Right or wrong, this isn’t a view shared by World Boxing Council (WBC) president Mauricio Sulaiman, however. Back in July, when speaking with Chris Mannix on his podcast, Sulaiman expressed his resistance to women boxing three-minute rounds and, in fairness to Sulaiman, has since stuck to his guns, meaning the WBC’s featherweight belt, which Serrano holds, will not be on the line when Serrano and Ramos meet at the Caribe Royale Resort next month.
“The WBC has done thorough research and at this point, unless there is absolute medical, scientific clearance, we will never allow women to fight three-minute rounds,” said Sulaiman. “This is medically and scientifically (based), but if we go to the facts and the reality, why would you change if women’s boxing is so exciting and so great at two minutes? It’s a different pace. Everybody loves watching women’s boxing and I’m certain that the two minutes has a lot to do with it. You don’t need three minutes to knock somebody out.”
In all likelihood, the problem, once again, is an issue of competition rather than merely time-keeping. Because the truth is, at the top level of the women’s game, where each of the women can handle themselves and maybe just need one more minute in each round to produce the result that can elevate them to superstardom, the difference between two-minute rounds and three-minute rounds is probably negligible. But it is of course beneath that level, or in the context of mismatches, of which in the women’s game there are plenty, that Sulaiman’s fears could be well founded. After all, the last thing anybody should want to see in boxing is a mismatch prolonged unnecessarily and yet, so new is the women’s game and so shallow is the talent pool, it cannot be guaranteed that every fight which takes place over 12 three-minute rounds should be taking place at all, much less stretched out until one of the two fighters is in a similar position on the canvas.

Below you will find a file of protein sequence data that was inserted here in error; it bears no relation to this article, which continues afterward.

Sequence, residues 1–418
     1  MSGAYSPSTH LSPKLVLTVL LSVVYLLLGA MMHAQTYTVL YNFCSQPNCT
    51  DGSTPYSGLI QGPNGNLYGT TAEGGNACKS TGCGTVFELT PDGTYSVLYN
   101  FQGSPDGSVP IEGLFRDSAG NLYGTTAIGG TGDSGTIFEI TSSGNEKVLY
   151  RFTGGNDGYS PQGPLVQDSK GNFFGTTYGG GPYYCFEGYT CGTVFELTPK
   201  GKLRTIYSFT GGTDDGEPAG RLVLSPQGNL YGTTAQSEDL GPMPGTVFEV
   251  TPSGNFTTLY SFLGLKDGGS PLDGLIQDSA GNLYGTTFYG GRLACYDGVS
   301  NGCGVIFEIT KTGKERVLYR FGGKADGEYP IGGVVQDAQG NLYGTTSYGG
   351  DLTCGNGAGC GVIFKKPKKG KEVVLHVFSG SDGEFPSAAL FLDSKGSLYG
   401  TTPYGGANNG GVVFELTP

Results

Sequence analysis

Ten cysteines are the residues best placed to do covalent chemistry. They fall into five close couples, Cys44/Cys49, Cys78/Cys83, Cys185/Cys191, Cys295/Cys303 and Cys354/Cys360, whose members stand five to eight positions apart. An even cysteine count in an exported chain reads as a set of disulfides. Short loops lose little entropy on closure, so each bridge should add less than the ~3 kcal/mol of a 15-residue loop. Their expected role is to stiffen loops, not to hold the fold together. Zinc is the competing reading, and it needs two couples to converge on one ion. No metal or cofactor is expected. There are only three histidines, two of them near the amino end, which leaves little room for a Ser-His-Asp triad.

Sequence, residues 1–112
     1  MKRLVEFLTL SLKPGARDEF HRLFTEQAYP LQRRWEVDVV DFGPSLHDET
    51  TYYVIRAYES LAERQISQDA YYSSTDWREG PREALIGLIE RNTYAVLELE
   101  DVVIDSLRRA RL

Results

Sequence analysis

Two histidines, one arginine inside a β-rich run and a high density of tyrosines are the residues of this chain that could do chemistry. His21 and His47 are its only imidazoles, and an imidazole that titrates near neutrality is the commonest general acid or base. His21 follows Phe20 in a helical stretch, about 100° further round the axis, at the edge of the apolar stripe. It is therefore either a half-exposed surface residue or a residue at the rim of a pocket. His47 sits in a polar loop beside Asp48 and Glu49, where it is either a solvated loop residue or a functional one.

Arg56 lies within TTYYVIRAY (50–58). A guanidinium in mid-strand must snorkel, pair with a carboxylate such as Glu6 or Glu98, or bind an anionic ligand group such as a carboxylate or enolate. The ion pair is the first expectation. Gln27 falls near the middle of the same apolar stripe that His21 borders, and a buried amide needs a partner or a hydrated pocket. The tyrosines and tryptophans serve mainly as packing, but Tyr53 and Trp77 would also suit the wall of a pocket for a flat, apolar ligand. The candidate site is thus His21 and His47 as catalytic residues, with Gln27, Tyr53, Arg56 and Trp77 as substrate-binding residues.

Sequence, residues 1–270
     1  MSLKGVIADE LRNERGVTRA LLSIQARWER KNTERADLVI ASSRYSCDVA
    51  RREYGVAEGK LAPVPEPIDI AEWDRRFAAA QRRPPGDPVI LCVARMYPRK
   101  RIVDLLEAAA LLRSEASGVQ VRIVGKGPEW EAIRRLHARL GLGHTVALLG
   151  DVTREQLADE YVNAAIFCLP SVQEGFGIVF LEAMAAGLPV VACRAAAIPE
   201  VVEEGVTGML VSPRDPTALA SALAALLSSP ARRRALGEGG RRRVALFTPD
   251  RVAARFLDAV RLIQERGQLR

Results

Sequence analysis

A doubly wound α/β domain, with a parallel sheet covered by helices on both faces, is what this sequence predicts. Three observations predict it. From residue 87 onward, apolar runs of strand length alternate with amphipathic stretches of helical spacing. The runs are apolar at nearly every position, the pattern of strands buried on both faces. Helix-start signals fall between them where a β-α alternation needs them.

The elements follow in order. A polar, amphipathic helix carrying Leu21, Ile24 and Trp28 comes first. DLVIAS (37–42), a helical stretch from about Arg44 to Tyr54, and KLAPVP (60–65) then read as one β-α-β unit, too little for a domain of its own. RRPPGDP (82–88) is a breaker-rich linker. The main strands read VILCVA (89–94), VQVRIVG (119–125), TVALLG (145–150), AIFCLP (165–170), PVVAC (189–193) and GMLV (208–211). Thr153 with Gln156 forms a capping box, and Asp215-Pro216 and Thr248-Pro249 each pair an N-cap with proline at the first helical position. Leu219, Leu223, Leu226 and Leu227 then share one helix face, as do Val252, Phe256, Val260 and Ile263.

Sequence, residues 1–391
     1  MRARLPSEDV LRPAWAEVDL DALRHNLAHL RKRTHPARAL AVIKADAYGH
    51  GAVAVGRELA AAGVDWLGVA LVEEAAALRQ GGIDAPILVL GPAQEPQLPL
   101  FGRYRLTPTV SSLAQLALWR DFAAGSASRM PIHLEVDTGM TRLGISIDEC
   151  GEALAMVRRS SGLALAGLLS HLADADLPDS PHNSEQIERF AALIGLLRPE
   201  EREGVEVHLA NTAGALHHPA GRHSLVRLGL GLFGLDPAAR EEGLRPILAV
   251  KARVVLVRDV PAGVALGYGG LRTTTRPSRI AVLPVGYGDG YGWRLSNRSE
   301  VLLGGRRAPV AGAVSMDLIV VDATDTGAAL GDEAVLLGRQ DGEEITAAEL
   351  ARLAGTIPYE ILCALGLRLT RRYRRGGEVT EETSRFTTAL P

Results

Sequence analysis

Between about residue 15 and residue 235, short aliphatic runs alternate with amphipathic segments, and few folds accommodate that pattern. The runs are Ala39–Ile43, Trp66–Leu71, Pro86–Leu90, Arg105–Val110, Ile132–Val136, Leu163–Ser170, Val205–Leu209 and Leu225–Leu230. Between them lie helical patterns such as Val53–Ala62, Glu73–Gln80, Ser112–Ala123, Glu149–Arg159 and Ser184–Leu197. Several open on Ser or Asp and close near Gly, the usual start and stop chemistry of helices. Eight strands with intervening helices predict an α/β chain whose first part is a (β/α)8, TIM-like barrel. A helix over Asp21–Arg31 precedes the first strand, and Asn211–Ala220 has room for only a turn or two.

In that case, then, what’s the answer? Well, maybe in the end we are right to highlight the importance of giving things more time, only, in this instance, we must also concede that it will take not minutes but years for women’s boxing to find itself where it needs and ultimately deserves to be.